Nightswimming: Discotheques from the 1960s to the Present
London, 2015, 22x27cm, illustrated, 192pp,
Essays by Max Dax, Pol Esteve and Ippolito Pestellini Laparelli
Photographs by Giovanna Silva
A project by Chiara Carpenter & Giovanna Silva
This is a history of discotheques, told in a subjective, partial way, but always with a clear purpose in mind: the analysis of space. The history of dance clubs is undoubtedly an anthropological as well as architectural phenomenon. The cultural and economic evolution of society progressively transformed the idea of entertainment, and consequently the spaces in which it is formed and shaped. These places have been gradually adjusted to new requests and new fashions, modified and updated, until reaching the contemporary paradox: nowadays discotheques are hardly ever spaces designed by architects; they are rather temporary occupations of spaces dedicated to other functions. From the 1960s until today, through the photographs of Giovanna Silva, a selection of interviews and a collection of critical texts, Nightswimming takes you into the fascinating world of the night.
Discoteque in Italy
from the 1960s until now
The project examines the history of Italian dance clubs, as asocial and anthropological phenomenon. Italy’s social, cultural and economic evolution over the last 50 years has gradually transformed the idea of fun, and with it also the spaces in which fun takes shape. Today a paradox is evident: the clubs are no longer necessarily a physical place, but are now formed of events and theme nights. The history of Italian clubs is told through interviews with architects, DJs, writers, and intellectuals, as well as period photos and a new photographic survey of what remains of today’s discotheques.
Project by Giovanna Silva
Team Alto Fragile, Chiara Carpenter, Michele Marchetti
Web design by
Fabio De Luca
Fabrizio De Meis
Gianni De Michelis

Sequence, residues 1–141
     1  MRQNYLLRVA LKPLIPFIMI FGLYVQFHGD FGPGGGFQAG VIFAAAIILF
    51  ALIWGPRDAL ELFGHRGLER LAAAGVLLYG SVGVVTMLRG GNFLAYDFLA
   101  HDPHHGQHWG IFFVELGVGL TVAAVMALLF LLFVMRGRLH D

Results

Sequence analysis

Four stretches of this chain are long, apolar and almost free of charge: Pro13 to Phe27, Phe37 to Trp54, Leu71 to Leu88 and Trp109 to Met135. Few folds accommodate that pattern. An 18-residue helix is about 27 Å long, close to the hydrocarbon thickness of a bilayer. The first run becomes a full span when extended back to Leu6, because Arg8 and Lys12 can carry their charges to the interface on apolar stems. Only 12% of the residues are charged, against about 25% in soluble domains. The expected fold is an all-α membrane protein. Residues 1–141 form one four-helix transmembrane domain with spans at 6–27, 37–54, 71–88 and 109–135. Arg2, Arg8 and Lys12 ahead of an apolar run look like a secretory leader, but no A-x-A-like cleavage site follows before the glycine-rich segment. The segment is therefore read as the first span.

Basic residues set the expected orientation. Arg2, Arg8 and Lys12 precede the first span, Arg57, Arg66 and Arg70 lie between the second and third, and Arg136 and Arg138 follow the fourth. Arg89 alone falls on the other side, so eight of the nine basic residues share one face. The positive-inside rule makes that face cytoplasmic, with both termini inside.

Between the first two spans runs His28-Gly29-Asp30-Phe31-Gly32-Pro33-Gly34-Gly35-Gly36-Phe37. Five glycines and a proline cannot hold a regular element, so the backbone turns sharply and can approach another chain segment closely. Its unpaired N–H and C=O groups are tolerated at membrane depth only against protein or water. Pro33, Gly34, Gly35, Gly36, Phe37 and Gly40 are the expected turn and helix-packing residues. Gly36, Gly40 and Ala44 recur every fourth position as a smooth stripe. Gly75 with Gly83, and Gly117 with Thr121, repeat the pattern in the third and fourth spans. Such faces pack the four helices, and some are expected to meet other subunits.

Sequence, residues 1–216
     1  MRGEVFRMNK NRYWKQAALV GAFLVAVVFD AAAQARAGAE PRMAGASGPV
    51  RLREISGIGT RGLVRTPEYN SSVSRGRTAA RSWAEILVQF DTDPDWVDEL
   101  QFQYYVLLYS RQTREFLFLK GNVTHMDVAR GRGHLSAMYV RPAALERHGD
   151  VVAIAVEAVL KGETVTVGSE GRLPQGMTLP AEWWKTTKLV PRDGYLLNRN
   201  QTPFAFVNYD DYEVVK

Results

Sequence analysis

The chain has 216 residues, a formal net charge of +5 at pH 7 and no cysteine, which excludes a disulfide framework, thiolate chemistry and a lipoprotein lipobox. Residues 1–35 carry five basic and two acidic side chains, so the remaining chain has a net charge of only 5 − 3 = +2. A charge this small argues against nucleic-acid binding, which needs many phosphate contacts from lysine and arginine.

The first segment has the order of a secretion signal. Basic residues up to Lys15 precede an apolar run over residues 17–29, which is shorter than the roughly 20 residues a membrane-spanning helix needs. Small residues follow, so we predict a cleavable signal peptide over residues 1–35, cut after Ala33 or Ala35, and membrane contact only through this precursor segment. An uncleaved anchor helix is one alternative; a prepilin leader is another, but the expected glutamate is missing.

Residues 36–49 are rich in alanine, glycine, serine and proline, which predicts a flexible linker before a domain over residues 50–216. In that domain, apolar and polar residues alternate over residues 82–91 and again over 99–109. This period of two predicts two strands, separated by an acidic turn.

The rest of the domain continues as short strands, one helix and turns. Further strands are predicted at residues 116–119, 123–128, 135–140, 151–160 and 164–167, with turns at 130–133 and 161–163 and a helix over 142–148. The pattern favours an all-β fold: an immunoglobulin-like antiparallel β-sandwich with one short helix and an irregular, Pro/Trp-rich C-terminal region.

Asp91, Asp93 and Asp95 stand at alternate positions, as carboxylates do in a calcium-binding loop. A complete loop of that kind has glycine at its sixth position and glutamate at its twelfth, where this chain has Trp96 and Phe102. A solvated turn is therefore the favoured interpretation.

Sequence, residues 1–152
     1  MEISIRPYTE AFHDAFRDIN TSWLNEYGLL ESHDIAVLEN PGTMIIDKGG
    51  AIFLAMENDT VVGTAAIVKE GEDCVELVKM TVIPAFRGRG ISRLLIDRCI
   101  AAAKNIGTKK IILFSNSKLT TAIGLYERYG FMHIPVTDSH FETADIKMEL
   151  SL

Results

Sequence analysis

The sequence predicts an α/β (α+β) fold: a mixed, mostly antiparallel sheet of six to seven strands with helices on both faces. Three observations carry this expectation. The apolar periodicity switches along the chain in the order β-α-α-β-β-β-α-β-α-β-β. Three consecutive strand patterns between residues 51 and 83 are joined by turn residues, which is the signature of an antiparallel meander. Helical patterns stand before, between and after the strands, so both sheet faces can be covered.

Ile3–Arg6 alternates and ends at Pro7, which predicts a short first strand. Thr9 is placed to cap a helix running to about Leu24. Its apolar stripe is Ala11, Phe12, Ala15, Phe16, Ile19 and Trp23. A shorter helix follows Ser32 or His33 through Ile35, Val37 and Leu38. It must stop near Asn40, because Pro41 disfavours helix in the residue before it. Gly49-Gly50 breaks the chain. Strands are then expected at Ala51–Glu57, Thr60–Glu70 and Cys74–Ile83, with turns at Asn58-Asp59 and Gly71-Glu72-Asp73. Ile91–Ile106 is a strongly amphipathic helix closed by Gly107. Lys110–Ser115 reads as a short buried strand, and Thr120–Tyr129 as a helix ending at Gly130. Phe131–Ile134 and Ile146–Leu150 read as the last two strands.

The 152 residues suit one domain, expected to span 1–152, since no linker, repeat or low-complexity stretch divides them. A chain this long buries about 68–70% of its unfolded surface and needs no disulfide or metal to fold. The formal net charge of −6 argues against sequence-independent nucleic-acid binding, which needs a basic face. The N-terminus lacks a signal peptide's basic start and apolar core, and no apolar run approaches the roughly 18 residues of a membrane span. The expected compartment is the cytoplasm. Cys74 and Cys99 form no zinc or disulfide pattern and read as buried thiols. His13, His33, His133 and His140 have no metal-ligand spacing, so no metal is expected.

Cocoricò is the only Adriatic Riviera club that has remained as it was; the others... Peter Pan, Pascià, Pineta and so on have meanwhile all been revamped; yet, they are a far cry from what they were in their heyday and have become little more than dark spaces. These erstwhile business ventures are no longer on the make. Until the 90s the Riviera had a stronger appeal than the big cities: Nicola Guiducci of Plastic used to play at the Pineta every Tuesday. The Pineta was completely darkened as Plastic is now; it differed from the “crystal” Pineta of ten years back and was unlike the current Pineta Visionaire. If nightclubs until the 80s were mainly barns covered in dark carpet, the 90s brought about change: the tendency henceforth was to play with the effects of these opulent, anachronistic and scenic cathedrals. Many clubs owed their success to their beautiful features and punters often attended them just to catch a glimpse of that. Rimini has constantly been interwoven with the dance business. Geared essentially towards entertainment, the Adriatic Riviera developed as a city without culture. While it lacked a theatre, it abounded in dance halls. I started going to discos from my early years; my favourite spot was the Altromondo Studios, one of the first clubs to employ a theme format, very much in the Star Trek and electronic vein. It took the Space Electronics' aesthetics to an extreme. I started getting actively involved when working at Geo: I filled in for the DJ, a friend of mine, between midnight and twelve thirty a.m., putting on the slower numbers, a task that didn't call for any mixing ability. After Geo I moved over to the Lady Godiva owned by Diego Abatantuono, in the basement of Rimini's Grand Hotel. I later started working as a party organizer and taking care of the graphics at Insonnia, in